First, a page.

Narrowing the list to ten is difficult, but here are ten words beginning with the letters G and H that are frequently mixed up in speaking and/or writing.
1. gambit / gamut
Perhaps it’s the first syllable that leads to confusion between these two nouns.
In the game of chess, a gambit is an opening move in which a player offers a sacrifice, usually of a pawn, in order to gain an advantage.
By extension, a gambit is a ploy intended to gain an advantage, especially at the beginning of a contest or negotiation.
As a musical term, a gamut is the full range of notes that a voice or instrument can produce. Figuratively, a gamut is the full range or scope of something. Ex. His handyman skills run the gamut from carpentry to plumbing.
2. genial / congenial
Both of these adjectives derive from the same source.
Used to describe a person, genial means cheerful, kindly, affable. Applied to a thing, like weather, genial means mild or pleasant.
In reference to people, congenial connotes a character agreeable to one’s taste or liking. For example, a congenial friend has similar likes and dislikes. A congenial host anticipates the needs and likes of guests. Applied to things, congenial means suited to one’s temperament. For example, a congenial job for a bookish person might be one involving research.
3. gibe / jibe
Both words are pronounced the same, and both can be used as either a noun or a verb.
As a noun, a gibe is an insult or sneering comment. As a verb, to gibe is “to taunt or insult.” Both the OED and Merriam-Webster recognize jibe as a variant spelling of gibe, when used in the context of insulting.
However, because jibe also means “to agree,” many writers to use the spelling jibe only in the context of agreement:
When the witnesses were interviewed separately, their stories jibed.
When the accountant went over the books, he found that the figures did not jibe with the previous report.
4. give / gift
Conservative speakers (like me) shudder to hear both these words used as verbs.
Give is a verb. Friends give gifts to one another. Alumni give donations to colleges.
For most modern speakers, gift is a noun, something given, a possession transferred to another without the expectation of an equivalent.
The use of gift as a verb is not new in English. The OED shows citations dated from 1500 to the 1880s. However, this usage dropped out of general use so long ago that its revival strikes modern ears as barbarous and pompous. I suppose a huge donation to a university might warrant a bit of pomposity: “The corporation gifted the university with a million dollars.” For ordinary purposes, however, it’s still more idiomatic to give presents and not “gift” people with them.
5. grisly / grizzly
The adjective grisly refers to something that inspires great horror. The word is thought to derive from a verb meaning “to shudder with horror,” or “to be filled with dread.”
The adjective grizzly comes from a word meaning “gray or grayish.” A beard could be described as grizzly, but in current speech, the participle grizzled is more common in the context of things that are gray.
Although grizzly bears range in color from very light tan (almost white) to dark brown, they apparently acquired their name from explorers who saw grayish specimens. One English explorer described the huge bear that he encountered as “neither white nor black, but silver-haired like our English rabbit.” Another wrote that he’d seen “the skin of an enormous grizzled bear.”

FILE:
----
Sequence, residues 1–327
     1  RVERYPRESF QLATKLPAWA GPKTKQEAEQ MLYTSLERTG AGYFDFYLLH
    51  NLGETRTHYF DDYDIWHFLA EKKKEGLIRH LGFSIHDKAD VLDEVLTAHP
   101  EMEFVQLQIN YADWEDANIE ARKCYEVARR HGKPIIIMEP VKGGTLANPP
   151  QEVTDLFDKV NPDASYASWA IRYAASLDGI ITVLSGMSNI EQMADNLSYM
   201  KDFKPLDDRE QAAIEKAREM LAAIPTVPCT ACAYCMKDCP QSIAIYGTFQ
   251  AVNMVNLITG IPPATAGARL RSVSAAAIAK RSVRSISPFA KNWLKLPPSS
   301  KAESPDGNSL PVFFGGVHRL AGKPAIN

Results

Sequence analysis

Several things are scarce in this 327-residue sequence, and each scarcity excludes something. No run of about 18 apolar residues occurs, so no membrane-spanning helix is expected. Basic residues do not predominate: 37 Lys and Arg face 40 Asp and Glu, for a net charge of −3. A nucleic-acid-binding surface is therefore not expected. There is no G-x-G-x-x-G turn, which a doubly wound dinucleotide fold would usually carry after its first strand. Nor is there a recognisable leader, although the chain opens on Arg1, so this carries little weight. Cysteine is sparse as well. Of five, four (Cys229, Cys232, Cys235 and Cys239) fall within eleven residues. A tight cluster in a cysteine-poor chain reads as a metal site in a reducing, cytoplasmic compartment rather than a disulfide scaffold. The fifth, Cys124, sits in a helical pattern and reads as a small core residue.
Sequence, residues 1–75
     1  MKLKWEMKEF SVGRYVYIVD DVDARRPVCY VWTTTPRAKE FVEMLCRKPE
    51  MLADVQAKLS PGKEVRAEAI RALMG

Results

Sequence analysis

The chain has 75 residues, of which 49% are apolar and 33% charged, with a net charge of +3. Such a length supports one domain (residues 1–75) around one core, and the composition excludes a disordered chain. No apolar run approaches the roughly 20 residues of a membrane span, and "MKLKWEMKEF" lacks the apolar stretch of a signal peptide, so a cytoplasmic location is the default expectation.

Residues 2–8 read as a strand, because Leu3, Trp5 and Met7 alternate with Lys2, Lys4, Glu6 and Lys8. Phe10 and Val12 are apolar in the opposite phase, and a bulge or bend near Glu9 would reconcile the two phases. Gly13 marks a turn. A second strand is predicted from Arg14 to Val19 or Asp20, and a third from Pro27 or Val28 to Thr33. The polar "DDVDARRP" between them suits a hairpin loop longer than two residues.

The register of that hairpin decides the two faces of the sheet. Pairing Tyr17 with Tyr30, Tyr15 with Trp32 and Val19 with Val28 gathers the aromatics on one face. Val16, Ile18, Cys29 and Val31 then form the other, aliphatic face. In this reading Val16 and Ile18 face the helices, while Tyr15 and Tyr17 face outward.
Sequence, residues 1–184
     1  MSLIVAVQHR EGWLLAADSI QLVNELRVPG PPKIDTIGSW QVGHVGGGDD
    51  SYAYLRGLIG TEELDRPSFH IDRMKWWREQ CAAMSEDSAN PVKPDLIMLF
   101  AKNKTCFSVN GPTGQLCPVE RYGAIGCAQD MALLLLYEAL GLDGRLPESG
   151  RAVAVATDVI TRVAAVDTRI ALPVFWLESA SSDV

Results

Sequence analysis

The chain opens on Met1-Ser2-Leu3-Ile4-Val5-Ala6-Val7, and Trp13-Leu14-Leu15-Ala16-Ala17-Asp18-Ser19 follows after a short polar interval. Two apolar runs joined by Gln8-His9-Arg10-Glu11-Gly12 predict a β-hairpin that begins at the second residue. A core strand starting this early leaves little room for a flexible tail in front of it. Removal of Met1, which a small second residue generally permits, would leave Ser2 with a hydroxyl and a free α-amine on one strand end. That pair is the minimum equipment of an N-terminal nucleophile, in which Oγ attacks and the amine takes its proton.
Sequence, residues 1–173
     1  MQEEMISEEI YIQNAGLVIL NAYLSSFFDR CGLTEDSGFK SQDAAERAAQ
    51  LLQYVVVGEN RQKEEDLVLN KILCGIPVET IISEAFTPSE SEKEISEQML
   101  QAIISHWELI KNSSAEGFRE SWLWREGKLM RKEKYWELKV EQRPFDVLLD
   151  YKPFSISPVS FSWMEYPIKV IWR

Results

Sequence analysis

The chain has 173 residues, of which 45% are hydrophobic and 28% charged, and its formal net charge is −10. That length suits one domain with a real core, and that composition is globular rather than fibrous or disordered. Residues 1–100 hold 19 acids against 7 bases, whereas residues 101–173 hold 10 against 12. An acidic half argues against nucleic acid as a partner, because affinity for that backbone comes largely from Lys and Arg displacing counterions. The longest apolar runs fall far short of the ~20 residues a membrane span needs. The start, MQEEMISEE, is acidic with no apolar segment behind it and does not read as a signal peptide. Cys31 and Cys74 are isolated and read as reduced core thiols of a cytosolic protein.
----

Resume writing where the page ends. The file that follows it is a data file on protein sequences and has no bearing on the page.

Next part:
A grizzly bear rushing toward an unwary camper would be a grisly sight.
6. hanged / hung
When hang means, “to execute by suspending a person by the neck,” the preferred forms are hang, hanged, (has) hanged. For example: “The murderer was sentenced to be hanged by the neck until dead.”
When hang refers to suspending an inanimate object or a person without intent to execute, the forms are hang, hung, (has) hung. For example: “The housekeeper hung the laundry in the garden.”
7. historic / historical
The prevailing meaning of historic in modern English is “having or likely to have great historical importance or fame. For example, “The historic voyage of H.M.S. Beagle commenced on the morning of 27 December 1831.”
Historical means, “concerned with past events.” It is also used to contrast events that actually happened with fiction or legend: “Although fictionalized, the novel is based on well researched historical events.”
8. hoard / horde
The word hoard is used as both noun and verb. As a noun, a hoard is an accumulation of something valuable to the hoarder. As a verb, to hoard is “to put away something of value for preservation or future use.”
The verb usually has a negative connotation, implying that the person doing the hoarding is being selfish (in the context of scarcity) or has a disorder (in the context of an inability to part with unneeded possessions).
The noun horde originally referred to a tribe of Asiatic nomads. Now it can also mean a large gathering of people or animals. The word usually bears a connotation of ferocity: The child fled from a horde of angry geese.
9. home / hone
The confusion associated with these words occurs when home is used as a phrasal verb with the particle in.
To home in is “to come closer and closer to a destination.” A fighter pilot homes in on a target. A detective homes in on a suspect.
To hone is “to sharpen.” One hones a blade to a sharp edge.
I’ve read defenses of “hone in” as the equivalent of “home in,” but careful writers distinguish between the two.
10. hurdle / hurtle
As a noun, a hurdle is an obstacle. As a verb, to hurdle is “to jump over an obstacle.” It is often used figuratively: Kornblut describes the roadblocks all female candidates must hurdle as “hair, hemlines and husbands.”
Hurtle is a verb. The usual sense in modern English is “to rush violently.” For example, “The runaway wagon hurtled toward us.”